I was one Sunday morning loitering at the ----- Precinct Station, when the door opened and a respectable-looking middle-aged woman came in, whose agitated air at once attracted my attention. Going up to her, I asked her what she wanted.
"A detective," she replied, glancing cautiously about on the faces of the various men scattered through the room. "I don't wish anything said about it, but a girl disappeared from our house last night, and"--she stopped here, her emotion seeming to choke her--"and I want some one to look her up," she went on at last with the most intense emphasis.
"A girl? what kind of a girl; and what house do you mean when you say our house?"
She looked at me keenly before replying. "You are a young man," said she; "isn't there some one here more responsible than yourself that I can talk to?"
I shrugged my shoulders and beckoned to Mr. Gryce who was just then passing. She at once seemed to put confidence in him. Drawing him aside, she whispered a few low eager words which I could not hear. He listened nonchalantly for a moment but suddenly made a move which I knew indicated strong and surprised interest, though from his face--but you know what Gryce's face is. I was about to walk off, convinced he had got hold of something he would prefer to manage himself, when the Superintendent came in.
"Where is Gryce?" asked he; "tell him I want him."
Mr. Gryce heard him and hastened forward. As he passed me, he whispered, "Take a man and go with this woman; look into matters and send me word if you want me; I will be here for two hours."
I did not need a second permission. Beckoning to Harris, I reapproached the woman. "Where do you come from," said I, "I am to go back with you and investigate the affair it seems."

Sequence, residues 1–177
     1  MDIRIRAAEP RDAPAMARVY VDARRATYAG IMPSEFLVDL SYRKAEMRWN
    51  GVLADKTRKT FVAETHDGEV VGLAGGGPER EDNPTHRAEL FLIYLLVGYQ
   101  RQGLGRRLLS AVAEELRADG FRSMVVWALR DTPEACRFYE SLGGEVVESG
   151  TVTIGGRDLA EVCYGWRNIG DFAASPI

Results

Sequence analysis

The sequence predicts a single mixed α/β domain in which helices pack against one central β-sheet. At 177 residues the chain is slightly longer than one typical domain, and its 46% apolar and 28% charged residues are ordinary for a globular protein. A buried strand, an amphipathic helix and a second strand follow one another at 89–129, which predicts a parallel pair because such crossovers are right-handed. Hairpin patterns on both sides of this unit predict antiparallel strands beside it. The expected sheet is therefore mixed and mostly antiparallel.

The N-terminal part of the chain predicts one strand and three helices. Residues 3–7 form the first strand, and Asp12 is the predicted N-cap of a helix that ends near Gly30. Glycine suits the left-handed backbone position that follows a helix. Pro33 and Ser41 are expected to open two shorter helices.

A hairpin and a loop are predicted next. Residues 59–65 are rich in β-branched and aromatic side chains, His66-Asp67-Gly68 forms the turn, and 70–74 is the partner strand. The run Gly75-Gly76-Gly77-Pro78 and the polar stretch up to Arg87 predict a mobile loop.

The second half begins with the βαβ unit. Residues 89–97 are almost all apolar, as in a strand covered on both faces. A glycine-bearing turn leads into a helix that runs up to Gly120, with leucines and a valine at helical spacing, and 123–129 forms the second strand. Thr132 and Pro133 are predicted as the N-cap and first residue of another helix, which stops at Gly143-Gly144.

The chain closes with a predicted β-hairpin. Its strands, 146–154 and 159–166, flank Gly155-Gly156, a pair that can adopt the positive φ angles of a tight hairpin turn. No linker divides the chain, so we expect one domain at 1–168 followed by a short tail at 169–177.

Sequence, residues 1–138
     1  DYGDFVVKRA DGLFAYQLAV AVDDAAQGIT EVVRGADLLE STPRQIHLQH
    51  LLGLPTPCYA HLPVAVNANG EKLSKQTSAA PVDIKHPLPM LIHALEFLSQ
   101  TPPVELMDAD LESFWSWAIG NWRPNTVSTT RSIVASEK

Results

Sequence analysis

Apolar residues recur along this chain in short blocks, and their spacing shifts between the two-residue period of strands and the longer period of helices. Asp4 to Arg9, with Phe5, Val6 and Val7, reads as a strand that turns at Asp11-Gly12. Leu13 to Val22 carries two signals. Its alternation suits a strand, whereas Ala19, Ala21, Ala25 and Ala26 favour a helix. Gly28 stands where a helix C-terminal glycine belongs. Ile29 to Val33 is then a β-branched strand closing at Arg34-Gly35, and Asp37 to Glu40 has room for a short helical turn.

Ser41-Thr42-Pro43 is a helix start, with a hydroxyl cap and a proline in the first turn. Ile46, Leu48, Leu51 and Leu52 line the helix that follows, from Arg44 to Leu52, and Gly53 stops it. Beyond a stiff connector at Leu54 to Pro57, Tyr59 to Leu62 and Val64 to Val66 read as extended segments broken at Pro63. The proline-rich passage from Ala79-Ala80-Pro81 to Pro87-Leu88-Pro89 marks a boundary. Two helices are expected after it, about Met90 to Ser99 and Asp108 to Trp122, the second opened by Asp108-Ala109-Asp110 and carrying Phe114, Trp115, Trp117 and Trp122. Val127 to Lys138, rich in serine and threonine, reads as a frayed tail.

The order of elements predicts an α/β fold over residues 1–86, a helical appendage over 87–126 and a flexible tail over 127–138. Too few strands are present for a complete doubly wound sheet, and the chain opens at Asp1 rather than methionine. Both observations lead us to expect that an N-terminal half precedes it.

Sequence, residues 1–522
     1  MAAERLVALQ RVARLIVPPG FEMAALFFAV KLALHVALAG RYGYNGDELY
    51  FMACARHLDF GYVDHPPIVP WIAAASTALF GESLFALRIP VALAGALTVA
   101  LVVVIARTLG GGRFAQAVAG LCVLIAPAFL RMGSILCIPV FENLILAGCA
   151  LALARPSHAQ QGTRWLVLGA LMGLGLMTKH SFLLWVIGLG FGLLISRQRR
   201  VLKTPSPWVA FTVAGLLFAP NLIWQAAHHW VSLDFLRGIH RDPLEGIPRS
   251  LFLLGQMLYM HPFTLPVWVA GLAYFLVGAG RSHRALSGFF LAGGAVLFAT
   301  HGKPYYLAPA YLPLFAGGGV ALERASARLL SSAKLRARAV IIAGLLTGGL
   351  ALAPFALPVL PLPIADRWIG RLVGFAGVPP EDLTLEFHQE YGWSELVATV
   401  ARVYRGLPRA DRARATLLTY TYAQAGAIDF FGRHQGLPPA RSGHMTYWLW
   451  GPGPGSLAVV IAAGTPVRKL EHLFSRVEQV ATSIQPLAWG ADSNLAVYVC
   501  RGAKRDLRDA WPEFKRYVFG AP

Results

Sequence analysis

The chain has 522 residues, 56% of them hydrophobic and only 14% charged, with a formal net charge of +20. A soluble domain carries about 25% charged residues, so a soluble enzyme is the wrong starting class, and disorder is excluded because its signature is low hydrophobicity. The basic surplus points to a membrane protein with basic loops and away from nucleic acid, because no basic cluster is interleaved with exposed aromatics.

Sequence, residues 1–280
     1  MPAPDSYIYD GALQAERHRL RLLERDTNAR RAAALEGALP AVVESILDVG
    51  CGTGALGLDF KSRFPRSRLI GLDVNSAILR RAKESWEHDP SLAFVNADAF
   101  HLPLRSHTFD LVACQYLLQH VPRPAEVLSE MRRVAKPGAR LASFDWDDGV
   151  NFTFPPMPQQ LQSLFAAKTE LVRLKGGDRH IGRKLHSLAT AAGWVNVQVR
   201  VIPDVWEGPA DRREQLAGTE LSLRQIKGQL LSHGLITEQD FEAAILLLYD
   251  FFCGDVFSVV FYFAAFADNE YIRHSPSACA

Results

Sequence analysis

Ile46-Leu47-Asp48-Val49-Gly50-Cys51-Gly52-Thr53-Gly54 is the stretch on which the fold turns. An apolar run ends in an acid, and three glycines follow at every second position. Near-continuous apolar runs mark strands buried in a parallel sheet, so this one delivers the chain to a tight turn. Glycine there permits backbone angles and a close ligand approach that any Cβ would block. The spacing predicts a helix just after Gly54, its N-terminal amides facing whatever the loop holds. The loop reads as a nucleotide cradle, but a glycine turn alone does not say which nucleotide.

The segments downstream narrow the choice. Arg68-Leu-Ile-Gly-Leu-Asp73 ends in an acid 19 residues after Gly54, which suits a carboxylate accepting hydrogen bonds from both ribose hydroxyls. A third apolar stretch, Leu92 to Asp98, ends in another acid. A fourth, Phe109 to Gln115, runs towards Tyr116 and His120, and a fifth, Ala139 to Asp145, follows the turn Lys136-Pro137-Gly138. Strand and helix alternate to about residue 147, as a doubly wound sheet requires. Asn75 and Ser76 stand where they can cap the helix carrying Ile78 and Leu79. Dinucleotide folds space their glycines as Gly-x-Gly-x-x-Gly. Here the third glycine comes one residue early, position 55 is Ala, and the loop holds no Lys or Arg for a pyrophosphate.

"Did he say so?" she asked, pointing to Mr. Gryce who now stood with his back to us busily talking with the Superintendent.
I nodded, and she at once moved towards the door. "I come from No. ---- Second Avenue: Mr. Blake's house," she whispered, uttering a name so well known, I at once understood Mr. Gryce's movement of sudden interest "A girl--one who sewed for us--disappeared last night in a way to alarm us very much. She was taken from her room--" "Yes," she cried vehemently, seeing my look of sarcastic incredulity, "taken from her room; she never went of her own accord; and she must be found if I spend every dollar of the pittance I have laid up in the bank against my old age."
Her manner was so intense, her tone so marked and her words so vehement, I at once and naturally asked if the girl was a relative of hers that she felt her abduction so keenly.
"No," she replied, "not a relative, but," she went on, looking every way but in my face, "a very dear friend--a--a--protegee, I think they call it, of mine; I--I--She must be found," she again reiterated.
We were by this time in the street.
"Nothing must be said about it," she now whispered, catching me by the arm. "I told him so," nodding back to the building from which we had just issued, "and he promised secrecy. It can be done without folks knowing anything about it, can't it?"
"What?" I asked.
"Finding the girl."
"Well," said I, "we can tell you better about that when we know a few more of the facts. What is the girl's name and what makes you think she didn't go out of the house-door of her own accord?"